Review: Shank 2

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Sequels are supposed to be steps forward. They’re supposed to advance the original formula, build on existing foundations, and correct mistakes in the previous entry. They can branch out in their own ways and change things up, but I don’t think it’s a stretch to say that they’re expected to be improvements. Shank 2 is a tricky proposition, then, because it has very clear improvements in some areas and even clearer failings elsewhere. The two almost balance each other out, but unfortunately the result is less than the sum of its parts, suffering from very real stylistic and mechanical flaws that cannot be overlooked.


When we last left our violent vigilante friend Shank, he had just killed his way through a cartel of assholes who ruined his life. Now he’s on his way back to where his life began, weighed down by the pounds of flesh he’s taken and gallons of booze he’s chugged. An oppressive military regime has claimed the country Shank hails from, though, and if you think he’s going to wait patiently while they stamp his papers you haven’t been paying attention. The only recourse is eight stages of brutal murder, carving through militia members, cultists, cannibals, and inhospitable wildlife to put an end to the forces keeping Shank from his home.

If that sounds like a weird assortment of threats, it’s even stranger in practice. The original Shank was a straight-forward revenge joint, sectioned off into chapters of bikers or gangsters or luchadores working for the big bads on Shank’s hit list. In stark contrast, Shank 2 has a single foe to dispatch, the despotic general leading the occupation, but drags you all over God’s forsaken Earth to get him. There are levels where you chase a voodoo queen through a temple of sexy, seductive cult babes, and levels where you spelunk through caves of barely-human cannibals. Even the opening level starts with Shank killing a bunch of military guys for stopping his bus, and ends in a junkyard murdering some huge tire-hucking dude who could have just been practicing his discus throw.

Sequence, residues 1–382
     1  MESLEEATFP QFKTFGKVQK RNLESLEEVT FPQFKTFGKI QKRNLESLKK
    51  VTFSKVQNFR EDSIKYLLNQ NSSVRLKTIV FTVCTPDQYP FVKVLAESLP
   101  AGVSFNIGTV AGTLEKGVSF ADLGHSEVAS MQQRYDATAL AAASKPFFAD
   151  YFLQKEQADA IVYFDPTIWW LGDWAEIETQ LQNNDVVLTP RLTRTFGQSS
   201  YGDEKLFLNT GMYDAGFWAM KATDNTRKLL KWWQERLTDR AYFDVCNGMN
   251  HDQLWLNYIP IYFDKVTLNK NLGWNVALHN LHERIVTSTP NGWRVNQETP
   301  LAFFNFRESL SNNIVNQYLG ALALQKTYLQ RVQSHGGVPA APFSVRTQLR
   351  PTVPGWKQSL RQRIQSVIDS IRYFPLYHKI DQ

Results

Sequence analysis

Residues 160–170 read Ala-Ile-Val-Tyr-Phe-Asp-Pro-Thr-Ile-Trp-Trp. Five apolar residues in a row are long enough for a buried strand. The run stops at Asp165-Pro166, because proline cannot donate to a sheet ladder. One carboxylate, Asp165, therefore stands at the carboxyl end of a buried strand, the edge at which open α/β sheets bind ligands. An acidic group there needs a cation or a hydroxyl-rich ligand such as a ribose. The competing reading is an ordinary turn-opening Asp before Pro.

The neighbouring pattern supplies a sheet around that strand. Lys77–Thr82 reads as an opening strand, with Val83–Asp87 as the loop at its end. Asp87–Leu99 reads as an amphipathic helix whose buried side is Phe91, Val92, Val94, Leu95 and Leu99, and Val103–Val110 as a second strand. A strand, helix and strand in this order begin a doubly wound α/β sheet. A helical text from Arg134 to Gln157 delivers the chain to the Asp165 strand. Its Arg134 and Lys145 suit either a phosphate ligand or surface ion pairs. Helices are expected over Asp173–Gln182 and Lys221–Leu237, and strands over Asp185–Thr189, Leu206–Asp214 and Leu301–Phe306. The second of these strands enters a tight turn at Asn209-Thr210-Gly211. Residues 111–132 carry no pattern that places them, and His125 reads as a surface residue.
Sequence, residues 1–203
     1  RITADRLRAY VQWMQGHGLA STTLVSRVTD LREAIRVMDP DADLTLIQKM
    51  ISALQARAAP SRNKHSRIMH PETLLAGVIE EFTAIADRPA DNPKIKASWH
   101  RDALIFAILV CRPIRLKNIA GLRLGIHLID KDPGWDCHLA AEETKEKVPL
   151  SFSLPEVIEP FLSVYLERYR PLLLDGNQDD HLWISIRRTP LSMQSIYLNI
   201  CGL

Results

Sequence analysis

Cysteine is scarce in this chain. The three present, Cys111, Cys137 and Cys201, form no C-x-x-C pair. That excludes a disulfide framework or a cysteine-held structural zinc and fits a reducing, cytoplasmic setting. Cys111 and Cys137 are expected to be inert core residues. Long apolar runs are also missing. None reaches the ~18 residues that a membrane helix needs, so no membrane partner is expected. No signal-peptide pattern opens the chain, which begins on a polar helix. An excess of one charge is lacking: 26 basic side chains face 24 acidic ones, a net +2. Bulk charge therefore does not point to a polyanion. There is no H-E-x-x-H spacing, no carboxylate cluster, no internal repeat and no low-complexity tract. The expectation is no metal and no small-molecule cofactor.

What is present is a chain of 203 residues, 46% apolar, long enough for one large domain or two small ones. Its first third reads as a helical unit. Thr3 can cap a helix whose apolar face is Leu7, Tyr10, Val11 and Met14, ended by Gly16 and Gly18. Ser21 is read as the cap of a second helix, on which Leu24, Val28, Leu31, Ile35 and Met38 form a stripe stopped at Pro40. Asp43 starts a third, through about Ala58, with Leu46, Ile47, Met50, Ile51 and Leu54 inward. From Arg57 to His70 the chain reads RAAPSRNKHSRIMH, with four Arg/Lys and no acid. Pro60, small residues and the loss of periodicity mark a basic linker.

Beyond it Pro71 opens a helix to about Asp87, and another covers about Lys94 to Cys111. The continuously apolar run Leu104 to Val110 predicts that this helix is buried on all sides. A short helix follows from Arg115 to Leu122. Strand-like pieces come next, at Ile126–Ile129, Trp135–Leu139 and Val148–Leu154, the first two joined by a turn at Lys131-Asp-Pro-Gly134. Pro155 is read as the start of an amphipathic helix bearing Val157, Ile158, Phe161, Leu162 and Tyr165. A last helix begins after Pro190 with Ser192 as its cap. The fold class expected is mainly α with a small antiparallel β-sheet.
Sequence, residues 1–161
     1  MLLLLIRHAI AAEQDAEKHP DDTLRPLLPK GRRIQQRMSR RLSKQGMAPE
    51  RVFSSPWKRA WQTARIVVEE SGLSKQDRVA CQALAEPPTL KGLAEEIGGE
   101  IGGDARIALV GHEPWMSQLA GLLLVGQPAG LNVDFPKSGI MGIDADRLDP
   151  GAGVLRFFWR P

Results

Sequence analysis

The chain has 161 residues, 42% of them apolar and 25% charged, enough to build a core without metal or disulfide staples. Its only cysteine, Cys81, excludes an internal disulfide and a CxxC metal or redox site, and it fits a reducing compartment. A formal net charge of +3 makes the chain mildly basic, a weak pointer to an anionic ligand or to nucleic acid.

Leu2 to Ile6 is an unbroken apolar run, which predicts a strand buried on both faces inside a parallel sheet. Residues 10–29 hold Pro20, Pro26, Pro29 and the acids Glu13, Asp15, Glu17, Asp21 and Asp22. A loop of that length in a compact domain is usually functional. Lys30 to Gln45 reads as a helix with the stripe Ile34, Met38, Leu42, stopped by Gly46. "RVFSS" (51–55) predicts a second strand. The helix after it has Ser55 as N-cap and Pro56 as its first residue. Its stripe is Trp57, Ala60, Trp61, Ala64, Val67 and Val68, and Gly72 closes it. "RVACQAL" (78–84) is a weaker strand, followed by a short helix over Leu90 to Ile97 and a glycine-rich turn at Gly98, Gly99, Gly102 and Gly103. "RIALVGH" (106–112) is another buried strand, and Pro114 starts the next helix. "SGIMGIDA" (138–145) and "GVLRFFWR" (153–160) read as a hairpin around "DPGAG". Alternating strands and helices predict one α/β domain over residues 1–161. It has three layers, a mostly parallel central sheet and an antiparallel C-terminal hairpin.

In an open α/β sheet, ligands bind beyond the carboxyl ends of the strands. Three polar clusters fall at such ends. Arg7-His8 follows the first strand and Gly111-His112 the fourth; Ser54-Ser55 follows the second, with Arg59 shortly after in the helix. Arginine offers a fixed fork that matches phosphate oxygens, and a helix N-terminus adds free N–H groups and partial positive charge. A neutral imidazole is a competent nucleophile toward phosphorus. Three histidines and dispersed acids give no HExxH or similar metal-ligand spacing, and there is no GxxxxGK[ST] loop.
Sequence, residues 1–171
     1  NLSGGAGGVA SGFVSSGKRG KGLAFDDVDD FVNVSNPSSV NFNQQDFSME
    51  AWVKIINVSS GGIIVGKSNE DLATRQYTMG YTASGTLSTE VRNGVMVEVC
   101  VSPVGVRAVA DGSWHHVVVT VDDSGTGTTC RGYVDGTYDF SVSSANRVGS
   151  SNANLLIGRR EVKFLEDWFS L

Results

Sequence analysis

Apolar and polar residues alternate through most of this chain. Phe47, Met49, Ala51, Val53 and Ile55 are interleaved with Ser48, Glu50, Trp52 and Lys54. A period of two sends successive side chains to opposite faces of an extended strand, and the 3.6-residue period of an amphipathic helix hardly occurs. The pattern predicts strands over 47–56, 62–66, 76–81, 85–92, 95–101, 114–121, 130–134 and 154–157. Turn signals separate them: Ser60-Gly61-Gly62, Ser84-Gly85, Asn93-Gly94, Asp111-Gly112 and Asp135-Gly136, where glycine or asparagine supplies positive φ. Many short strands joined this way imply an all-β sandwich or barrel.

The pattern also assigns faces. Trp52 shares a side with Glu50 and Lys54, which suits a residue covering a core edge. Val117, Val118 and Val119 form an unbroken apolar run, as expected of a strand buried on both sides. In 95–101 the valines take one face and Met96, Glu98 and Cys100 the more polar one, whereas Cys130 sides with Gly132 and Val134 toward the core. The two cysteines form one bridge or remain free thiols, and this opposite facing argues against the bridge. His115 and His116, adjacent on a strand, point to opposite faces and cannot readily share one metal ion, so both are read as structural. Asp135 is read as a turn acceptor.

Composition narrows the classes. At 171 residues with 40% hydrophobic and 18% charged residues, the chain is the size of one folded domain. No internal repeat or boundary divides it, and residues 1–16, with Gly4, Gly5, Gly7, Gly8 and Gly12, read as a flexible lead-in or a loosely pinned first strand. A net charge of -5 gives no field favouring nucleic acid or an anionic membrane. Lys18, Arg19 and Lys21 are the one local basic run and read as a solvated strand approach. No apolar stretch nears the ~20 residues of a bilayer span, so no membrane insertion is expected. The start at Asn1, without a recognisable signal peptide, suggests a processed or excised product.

The narrative direction of the first game just isn’t present at all in the second, and that extends to the cutscenes in a depressing way. I loved the hardcore grindhouse scenes of the original, where Shank would trade gravelly quips with his nemesis before chasing them down and garroting them. None of that cinematic flair makes an appearance here, with cutscenes barely managing to scrounge up entertaining action setpieces. Shank is wooden and dispassionate, surrounded by one-dimensional characters who serve only to direct him to the next aspiring corpse in his way. It shouldn’t matter so much for a brawler but Shank had such a powerful style underpinning the action that it’s absence is extremely noticeable in the sequel.

Perhaps all the effort lost on the narrative elements went into the art and combat, because there are definite improvements here. Both characters and backgrounds are more detailed than before, and the animation is greatly improved with silky-smooth punches and throws. There’s a better balance of enemies in encounters and a new counter move, which prevents those ugly old fights with burly foes that could lock you into fatal combos. I found myself enjoying fights much more in this installment, though it’s still not without its weaknesses. Dodging has been moved to the right stick which causes delays from shifting your grip and leads to far more missed evasions. A few of the enemies also have some unduly aggravating patterns, like the small cannibals who seem to override any move you throw at them to gnaw on your face.


There are enough steps forward and back that I felt pretty comfortable with calling Shank 2 a side-grade from the first. What it lacks in narrative structure it makes up in polish and combat, along with a few details I didn’t mention like hidden collectibles and additional playable characters. However, all that came to a halt in the sixth mission which kept crashing for me at different points. It’s a particularly chaotic outing with a big turret sequence and dense melees, so perhaps all the action is breaking something in my version of the game. Nevertheless, a severe technical issue like that is more than enough to tip the scale against this title. Too many opportunities for improvements are missed here, leaving us with a sequel that feels less developed and less consequential than the game that spawned it.

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